- Choose restaurants and businesses that are smoke-free. "No Smoking" sections in restaurants do not protect children from secondhand smoke.
- Make sure your children's day care centers and schools are tobacco-free. A tobacco-free campus policy prohibits any tobacco use or advertising on school property by anyone at any time. This includes off-campus school events.
- Make your home and car completely smoke-free. Opening a window does not protect you or your children from secondhand smoke.
- Teach your children about the health risks of secondhand smoke.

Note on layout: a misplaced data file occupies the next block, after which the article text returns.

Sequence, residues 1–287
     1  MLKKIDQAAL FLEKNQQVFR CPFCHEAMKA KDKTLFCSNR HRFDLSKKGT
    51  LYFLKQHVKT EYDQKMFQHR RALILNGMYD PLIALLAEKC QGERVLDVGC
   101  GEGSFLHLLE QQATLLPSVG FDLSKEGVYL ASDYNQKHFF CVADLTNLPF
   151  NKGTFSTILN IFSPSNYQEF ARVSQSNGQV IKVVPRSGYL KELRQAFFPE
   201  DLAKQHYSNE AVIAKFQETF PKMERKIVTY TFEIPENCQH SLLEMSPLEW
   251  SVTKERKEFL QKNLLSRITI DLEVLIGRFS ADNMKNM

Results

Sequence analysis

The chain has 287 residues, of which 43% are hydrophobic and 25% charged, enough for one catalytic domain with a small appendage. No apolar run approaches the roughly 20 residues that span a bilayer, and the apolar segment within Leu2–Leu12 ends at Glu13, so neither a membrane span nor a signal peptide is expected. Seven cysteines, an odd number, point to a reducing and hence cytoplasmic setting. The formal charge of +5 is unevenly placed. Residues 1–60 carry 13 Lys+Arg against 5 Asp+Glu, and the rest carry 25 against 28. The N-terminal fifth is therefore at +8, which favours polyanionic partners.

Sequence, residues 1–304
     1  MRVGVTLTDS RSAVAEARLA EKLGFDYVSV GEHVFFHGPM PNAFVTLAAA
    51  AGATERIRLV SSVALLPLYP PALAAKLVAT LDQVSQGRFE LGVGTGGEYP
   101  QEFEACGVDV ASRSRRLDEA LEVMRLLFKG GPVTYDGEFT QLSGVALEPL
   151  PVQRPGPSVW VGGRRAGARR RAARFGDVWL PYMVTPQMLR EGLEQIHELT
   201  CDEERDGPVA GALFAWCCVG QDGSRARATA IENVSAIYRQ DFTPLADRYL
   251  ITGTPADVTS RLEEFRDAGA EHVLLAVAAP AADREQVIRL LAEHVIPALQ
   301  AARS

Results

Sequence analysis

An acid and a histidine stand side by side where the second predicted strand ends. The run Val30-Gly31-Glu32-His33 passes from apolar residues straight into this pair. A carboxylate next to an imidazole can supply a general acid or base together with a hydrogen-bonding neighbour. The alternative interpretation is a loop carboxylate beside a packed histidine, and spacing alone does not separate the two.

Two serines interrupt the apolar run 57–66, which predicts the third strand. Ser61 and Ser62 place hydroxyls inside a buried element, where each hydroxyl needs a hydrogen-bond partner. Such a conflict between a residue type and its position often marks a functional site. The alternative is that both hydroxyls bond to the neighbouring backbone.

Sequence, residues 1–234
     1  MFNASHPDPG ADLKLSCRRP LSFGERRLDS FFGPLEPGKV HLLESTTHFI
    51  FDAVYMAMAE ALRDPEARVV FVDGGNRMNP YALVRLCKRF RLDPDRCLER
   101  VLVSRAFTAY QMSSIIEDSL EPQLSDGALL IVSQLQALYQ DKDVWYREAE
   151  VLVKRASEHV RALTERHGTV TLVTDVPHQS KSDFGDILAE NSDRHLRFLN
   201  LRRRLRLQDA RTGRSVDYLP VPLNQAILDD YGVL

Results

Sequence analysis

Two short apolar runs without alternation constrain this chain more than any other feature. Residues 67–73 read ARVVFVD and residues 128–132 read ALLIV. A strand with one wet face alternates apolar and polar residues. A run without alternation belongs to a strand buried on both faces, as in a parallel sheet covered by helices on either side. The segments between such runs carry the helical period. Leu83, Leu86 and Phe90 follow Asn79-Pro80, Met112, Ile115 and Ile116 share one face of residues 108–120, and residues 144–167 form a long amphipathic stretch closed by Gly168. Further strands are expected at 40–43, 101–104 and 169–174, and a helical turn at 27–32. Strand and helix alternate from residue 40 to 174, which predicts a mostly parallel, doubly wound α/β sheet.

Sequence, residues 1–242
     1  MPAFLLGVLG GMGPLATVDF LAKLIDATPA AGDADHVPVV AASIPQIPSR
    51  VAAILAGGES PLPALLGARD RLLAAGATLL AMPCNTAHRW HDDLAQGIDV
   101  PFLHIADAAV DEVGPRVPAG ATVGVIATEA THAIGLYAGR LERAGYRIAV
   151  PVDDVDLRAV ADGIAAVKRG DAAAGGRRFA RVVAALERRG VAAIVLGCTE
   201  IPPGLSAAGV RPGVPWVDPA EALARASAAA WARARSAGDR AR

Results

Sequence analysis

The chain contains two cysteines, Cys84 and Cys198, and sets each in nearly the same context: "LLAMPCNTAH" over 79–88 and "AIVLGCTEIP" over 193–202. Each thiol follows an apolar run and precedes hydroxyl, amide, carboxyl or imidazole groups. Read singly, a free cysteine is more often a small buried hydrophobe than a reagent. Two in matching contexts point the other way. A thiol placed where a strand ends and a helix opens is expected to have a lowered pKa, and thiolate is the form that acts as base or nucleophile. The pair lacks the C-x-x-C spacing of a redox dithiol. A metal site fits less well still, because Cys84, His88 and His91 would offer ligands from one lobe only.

An Important Reminder for Future MomsFor women planning to have children, it's important to understand the health risks associated with tobacco use. Smoking increases the risk for adverse pregnancy-related health outcomes, including infertility, spontaneous abortion, premature rupture of membranes, low birth weight, neonatal mortality, stillbirth, preterm delivery, and SIDS.
Support to QuitFor free quit support, call 1-800-QUIT-NOW (1-800-784-8669; TTY 1-800-332-8615). This service provides free support and advice from experienced counselors, a personalized quit plan, self-help materials, the latest information about cessation medications, and more.
Cessation services and resources are also available online in English, and in Spanish. These Web sites provide free, accurate, evidence-based information and professional assistance to help support the immediate and long-term needs of people trying to quit smoking. Also refer to the National Cancer Institute's new smoke-free teen initiative.